The Lincoln is perhaps best known for its role in Kenya where the aircraft fought against the Mau Mau tribesmen where its design heritage resulted in a case of mistaken identity by British journalists who wrongly reported that they were Lancasters not Lincolns. The Lincolns were used to bomb Mau Mau positions in a somewhat confused operational plan. The RAF were trying to destroy the insurgents as per their mission in Kenya but the British government insisted that all bombing missions be preceded by leaflet drops warning of the impending attack in order to limit civilian casualties. The nomadic Mau Mau tribesmen often simply moved their tribe and their weapons away from the target which meant the Lincoln’s primary contribution to the campaign was to blow very large holes in the Kenyan countryside. However when actual strongholds or bases were located a single engined type would fly in and mark the target for a pair of Lincolns that would then carpet bomb the area. Despite the operational difficulties encountered such as ill-prepared base facilities and the problem with dust in the engines (eventually necessitating new dust filters to be fitted) the Lincoln was a powerful weapon available to the British.
The only ever combat loss of a Lincoln occurred on the 12th March 1953 when Avro Lincoln RF531 was shot down by a Russian MiG-15 over East Germany. The aircraft was exercising the RAF’s right to fly through the air corridors to Berlin when it was intercepted and fired upon. The entire crew were killed in the resulting crash and it sparked the practice of further flights by RAF and USAF aircraft to Berlin and back carrying live rounds in their defensive armament thus increasing the chances of further incidents in what was already a very tense situation.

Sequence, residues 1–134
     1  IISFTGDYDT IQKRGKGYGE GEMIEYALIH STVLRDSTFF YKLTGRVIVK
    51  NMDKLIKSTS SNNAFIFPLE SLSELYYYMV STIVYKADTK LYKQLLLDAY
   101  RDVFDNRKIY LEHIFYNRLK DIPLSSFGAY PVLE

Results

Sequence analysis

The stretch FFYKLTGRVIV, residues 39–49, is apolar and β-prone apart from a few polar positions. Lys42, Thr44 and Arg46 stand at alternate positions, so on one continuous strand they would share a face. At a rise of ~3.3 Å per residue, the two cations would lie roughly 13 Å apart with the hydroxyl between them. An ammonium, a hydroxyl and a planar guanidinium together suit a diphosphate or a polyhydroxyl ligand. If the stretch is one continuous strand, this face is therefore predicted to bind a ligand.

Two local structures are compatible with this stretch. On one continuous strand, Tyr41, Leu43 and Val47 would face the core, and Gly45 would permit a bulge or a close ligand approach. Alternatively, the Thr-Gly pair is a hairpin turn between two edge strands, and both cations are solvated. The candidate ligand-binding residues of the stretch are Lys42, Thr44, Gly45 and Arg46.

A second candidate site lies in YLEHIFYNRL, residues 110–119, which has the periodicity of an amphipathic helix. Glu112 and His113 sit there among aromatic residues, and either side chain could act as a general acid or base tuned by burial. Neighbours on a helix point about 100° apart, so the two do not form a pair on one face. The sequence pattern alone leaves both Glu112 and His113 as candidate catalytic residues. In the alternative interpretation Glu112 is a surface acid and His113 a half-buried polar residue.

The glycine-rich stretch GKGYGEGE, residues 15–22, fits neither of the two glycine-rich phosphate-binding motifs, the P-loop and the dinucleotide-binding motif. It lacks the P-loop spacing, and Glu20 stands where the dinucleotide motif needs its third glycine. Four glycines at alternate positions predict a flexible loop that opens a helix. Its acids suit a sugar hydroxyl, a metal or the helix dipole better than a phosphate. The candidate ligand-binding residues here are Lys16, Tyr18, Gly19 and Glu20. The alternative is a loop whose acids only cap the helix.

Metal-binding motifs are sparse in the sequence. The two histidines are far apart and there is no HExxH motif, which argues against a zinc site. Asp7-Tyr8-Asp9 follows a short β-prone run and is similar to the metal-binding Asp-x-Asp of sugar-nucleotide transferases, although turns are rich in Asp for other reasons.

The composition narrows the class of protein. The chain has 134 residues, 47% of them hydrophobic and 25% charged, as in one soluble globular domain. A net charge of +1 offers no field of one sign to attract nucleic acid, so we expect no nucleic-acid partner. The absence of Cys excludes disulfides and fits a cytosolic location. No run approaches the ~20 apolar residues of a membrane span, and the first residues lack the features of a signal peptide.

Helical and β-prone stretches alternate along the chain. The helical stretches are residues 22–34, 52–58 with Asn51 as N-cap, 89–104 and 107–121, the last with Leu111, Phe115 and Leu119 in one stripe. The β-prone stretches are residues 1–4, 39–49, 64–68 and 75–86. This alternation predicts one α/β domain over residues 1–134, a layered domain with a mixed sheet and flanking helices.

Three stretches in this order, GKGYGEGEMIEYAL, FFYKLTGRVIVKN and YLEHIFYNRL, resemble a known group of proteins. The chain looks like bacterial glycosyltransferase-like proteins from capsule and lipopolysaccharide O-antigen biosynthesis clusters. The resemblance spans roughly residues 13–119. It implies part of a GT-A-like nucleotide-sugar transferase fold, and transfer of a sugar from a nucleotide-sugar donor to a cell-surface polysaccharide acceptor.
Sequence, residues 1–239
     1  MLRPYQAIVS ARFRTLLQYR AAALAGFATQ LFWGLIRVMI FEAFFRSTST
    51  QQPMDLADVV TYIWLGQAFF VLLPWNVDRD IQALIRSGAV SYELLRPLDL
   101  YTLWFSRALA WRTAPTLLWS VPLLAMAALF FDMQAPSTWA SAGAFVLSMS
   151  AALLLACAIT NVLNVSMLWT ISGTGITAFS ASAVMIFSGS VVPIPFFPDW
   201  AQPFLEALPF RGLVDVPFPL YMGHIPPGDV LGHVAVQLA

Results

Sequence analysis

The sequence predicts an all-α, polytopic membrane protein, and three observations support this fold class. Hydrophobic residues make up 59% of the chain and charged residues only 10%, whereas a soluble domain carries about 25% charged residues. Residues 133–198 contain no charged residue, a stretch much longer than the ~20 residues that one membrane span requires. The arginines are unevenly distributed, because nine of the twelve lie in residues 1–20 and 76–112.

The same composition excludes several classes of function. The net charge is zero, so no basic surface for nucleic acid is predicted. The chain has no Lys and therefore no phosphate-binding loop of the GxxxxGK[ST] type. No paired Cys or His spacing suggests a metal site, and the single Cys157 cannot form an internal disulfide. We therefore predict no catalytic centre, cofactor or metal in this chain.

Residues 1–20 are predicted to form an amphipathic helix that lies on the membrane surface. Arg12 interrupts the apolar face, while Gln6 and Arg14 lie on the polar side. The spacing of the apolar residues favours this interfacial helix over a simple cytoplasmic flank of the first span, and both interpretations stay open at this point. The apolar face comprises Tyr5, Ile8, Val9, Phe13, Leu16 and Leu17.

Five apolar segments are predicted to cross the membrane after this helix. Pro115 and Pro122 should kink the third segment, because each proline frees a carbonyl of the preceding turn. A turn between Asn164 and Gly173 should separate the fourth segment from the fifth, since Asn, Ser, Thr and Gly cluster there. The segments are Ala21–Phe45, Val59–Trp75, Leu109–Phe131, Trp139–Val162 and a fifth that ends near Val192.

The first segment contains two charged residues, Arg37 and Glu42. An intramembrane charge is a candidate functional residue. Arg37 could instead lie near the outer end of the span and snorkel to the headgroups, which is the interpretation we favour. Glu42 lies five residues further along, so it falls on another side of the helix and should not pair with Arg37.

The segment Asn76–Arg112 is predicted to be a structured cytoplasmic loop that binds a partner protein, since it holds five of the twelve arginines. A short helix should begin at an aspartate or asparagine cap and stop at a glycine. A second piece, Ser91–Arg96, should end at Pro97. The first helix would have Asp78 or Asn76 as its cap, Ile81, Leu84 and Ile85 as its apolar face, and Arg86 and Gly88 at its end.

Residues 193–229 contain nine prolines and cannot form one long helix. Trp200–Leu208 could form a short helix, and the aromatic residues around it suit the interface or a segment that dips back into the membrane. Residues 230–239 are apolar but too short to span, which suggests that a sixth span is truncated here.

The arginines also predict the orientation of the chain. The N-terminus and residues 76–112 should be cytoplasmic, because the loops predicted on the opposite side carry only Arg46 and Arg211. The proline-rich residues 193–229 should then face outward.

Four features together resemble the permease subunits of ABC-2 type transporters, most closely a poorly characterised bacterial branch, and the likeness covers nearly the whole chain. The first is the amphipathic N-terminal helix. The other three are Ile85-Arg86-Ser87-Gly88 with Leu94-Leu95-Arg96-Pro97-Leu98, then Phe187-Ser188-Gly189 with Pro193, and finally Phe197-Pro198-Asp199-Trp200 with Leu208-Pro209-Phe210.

The last Lincolns were withdrawn from RAF service in 1963, the aircraft forever lived in the shadow of its Lancaster forebear and the new futuristic jet bombers such as the Canberra and Vickers Valiant. It did serve a useful purpose however in that it meant that the leaner post-war RAF had a new-build aircraft that incorporated all the lessons of that conflict even if those lessons were now somewhat irrelevant in the conflicts the RAF found itself. Perhaps the biggest contribution the Lincoln had to the RAF was to provide a design basis for the far more successful Avro Shackleton series of maritime patrol and airborne early warning aircraft the latter of which remained in RAF service until 1991.
- Role: Strategic Bomber
- Crew: 7 (pilot, flight engineer/co-pilot, navigator, wireless operator, front gunner/bomb aimer, dorsal and rear gunners)
- Powerplant: 4 × Rolls-Royce Merlin 85 V piston engine, 1,750 hp each
- Maximum speed: 319 mph at 18,800ft
- Cruise speed: 215 mph at 20,000 ft
- Range: 2,930 miles empty. 1,470 miles with full bombload.
- Service ceiling: 30,500 ft (9,296 m)
- Rate of climb: 800 ft/min (245 m/min)
- Length: 78 ft 3½ in (23.86 m)
- Wingspan: 120 ft (36.58 m)
- Height: 17 ft 3½ in (5.27 m)
- Wing area: 1,421 ft² (132.01 m²)
- Empty weight: 43,400 lb (19,686 kg)
- Loaded weight: 75,000 lb (34,020 kg)
- Maximum take-off weight: 82,000 lb